360-Degree Video: We Live In The Future

Arielle Mari, Mark Lee, and Karen To from Colorado College presented a post-lunch session on 360-degree video. (You can find all their examples at 2cc.co/heweb16 — and looks great on mobile!)

360-degree video allows potential students a literal window

The team’s first foray into 360 video used the Ricoh Theta; it’s a low-end device, less than $400, that allows for plug-and-play 360-degree video capability. There’s still some work that’s required; metadata needs to be injected by the Theta app. They learned quickly that the novelty of 360 video only went so far; the tech wasn’t enough on its own.

They decided to highlight people and places; they put a camera on the field during soccer practice, and in the middle of the line where the graduates were filing into the commencement ceremony. In addition, they allowed a real “inside look” into things like the construction of their new library. One of the joys of 360-degree video is that it’s accessible; you don’t need to have super high-end gear in order to able to view it. You can do it on your phone or laptop too. (That said, it’s super amazing on an Oculus or a Vive.)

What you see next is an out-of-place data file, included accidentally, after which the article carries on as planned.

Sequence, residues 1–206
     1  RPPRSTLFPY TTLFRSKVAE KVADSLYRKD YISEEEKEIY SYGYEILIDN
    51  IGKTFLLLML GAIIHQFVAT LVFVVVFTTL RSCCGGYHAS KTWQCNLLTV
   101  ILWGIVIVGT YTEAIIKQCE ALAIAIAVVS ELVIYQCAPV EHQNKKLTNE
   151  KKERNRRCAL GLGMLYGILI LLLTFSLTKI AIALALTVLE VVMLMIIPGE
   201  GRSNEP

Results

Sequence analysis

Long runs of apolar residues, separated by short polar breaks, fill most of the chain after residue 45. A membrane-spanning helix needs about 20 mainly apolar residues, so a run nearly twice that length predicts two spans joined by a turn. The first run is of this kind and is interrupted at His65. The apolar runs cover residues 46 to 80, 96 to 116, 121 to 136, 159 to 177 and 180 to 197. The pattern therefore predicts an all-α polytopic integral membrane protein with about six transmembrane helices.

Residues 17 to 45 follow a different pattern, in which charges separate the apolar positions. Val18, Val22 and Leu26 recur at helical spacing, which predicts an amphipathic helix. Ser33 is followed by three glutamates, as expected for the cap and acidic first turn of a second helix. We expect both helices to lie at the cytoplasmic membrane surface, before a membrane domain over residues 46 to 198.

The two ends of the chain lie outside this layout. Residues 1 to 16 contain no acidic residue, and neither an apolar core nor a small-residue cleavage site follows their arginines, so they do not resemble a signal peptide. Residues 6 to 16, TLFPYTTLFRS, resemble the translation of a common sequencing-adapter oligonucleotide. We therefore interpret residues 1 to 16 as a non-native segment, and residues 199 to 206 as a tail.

Not every social network or platform utilizes 360-degree video properly, however. Facebook handles the metadata easily and plays 360 videos easily, but as robust as an Instagram presence as you may have, it doesn’t parse 360 videos yet. Even YouTube has limitations on 360-degree videos; sometimes on mobile devices, the video flattens out as its ‘equirectangular’ mode and doesn’t always handle the interactivity well.

Mark Lee also addressed some of the back-end developing issues involving 360-degree video, highlighting:
1. aframe.io
2. github.com/GoogleVR/VRView
3. three.js

Karen To talked about the future of 360 degree video: more mainstream channels, better quality video, and hopefully spatial video.